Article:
Mary Kay Place Articles

June 6, 2002


Back Stage West


Mary Kay Place: need to nurture.

(Actors We Love)


By Pamela Bock


Mary Kay Place's strength comes from her ability to portray offbeat characters with empathy and earnestness – even when the women she's playing don't necessarily read that way on the page. Place has said, "When you're playing characters and they seem unsympathetic on the page, you can't play that. You have to care for these people when you embody them. If you're judging them, they're not fully human when you play them. Something is missing and it doesn't ring true."


Indeed this very talented actor has a way of making audiences relate to even the most seemingly inaccessible characters. Place captivates, whether with her hilarious portrayal of Floris, the completely confusing receptionist, in the wildly inventive Being John Malkovich, her memorable turn as a kidnapping victim in Manny & Lo, or her strong performance as the irritated head nurse [sic] in Girl, Interrupted.


Place essentially got her start in 1976 as aspiring Country & Western star Loretta Haggers in Norman Lear's short-lived nightly soap, "Mary Hartman, Mary Hartman," which became a cult favorite. Despite the character's naivete, Place brought to the role a warmth and lovable charm that won viewers' affections. She also wrote more than 75 songs for her character and recorded several albums. Place continued to write for television and to make guest appearances on "M*A*S*H," "The Mary Tyler Moore Show," and "All in the Family."


Her true breakout role, however, was as the successful, childless career woman, Meg, in The Big Chill. During a time when the lonely, driven, female lawyer was beginning to become a cliche, Place gained respect for the depth and generosity in her portrayal. Meg's loneliness was palpable, and her famous "Why are there just no good men out there?" monologue became an instant classic.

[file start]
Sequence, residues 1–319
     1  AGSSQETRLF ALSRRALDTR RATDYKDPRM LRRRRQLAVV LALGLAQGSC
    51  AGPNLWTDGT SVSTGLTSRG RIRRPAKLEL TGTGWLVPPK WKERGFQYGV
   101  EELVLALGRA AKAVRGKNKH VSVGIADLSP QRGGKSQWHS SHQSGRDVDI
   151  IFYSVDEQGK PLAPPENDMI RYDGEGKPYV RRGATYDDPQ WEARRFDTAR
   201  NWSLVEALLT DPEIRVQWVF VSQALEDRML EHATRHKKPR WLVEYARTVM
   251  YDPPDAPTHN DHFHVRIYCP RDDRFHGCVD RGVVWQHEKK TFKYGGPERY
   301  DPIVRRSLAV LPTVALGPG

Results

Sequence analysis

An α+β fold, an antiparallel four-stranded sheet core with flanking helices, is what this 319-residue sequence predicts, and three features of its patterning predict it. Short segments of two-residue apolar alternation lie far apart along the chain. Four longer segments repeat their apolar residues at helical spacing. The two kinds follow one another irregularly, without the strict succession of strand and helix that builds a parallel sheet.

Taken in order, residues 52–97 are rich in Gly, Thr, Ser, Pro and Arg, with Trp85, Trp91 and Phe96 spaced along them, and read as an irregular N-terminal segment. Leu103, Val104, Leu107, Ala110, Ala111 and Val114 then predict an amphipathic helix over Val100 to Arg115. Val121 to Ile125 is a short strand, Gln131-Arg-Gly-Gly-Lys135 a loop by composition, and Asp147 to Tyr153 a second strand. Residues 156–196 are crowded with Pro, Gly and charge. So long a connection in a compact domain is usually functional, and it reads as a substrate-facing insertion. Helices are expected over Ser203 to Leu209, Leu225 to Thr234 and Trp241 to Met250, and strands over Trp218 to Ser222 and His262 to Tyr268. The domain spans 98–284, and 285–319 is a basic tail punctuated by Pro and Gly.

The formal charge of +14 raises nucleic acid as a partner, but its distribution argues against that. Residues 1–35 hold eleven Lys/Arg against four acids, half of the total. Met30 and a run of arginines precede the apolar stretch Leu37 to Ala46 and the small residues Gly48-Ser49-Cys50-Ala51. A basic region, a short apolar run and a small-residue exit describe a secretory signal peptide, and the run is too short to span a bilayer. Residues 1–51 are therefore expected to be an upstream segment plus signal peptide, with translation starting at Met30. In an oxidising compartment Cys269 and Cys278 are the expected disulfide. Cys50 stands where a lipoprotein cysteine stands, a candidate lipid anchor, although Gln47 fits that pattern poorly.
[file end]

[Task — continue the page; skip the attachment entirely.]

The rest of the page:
It seems if there's anything in common among Place's varied, often quirky characters, it's their need to nurtur – albeit sometimes maniacally. As Elaine in the 1994 [sic] film Manny & Lo, Place plays an utterly lonely, unhappy maternity-store clerk – a self-proclaimed know-it-all about everything related to babies and motherhood who dispenses unsolicited baby advice to anyone within earshot. Elaine is kidnapped by a pregnant teen and her sister, who want her to act as midwife, and throughout the film we see her resistance, fear, and eventual fierce protection, however misguided, of her captors. Place's portrayal of this isolated woman, whose desire to be needed is so intense that it drives people away, is arguably her most compelling performance.


In Citizen Ruth, Place is one half of an evangelical husband-and-wife team (Kurtwood Smith plays the husband). Place portrays an unstable, militant anti-abortion activist who kidnaps pregnant Ruth (Laura Dern) to save her baby. Though the character is over-the-top, to say the least, Place plays her straight and doesn't shy away from making her identifiable. And in John Grisham's weeper, The Rainmaker, she plays the defeated and destitute mother of a dying boy. Maybe it's Place's face, which seems at once genuine and completely non-judgmental, that allows her to play these maternal roles with such understated devotion. Even her stint as the household mom and closet S&M vixen in "My So Called Life" had such affection, humanity, and tolerance that we couldn't help but find her endearing.


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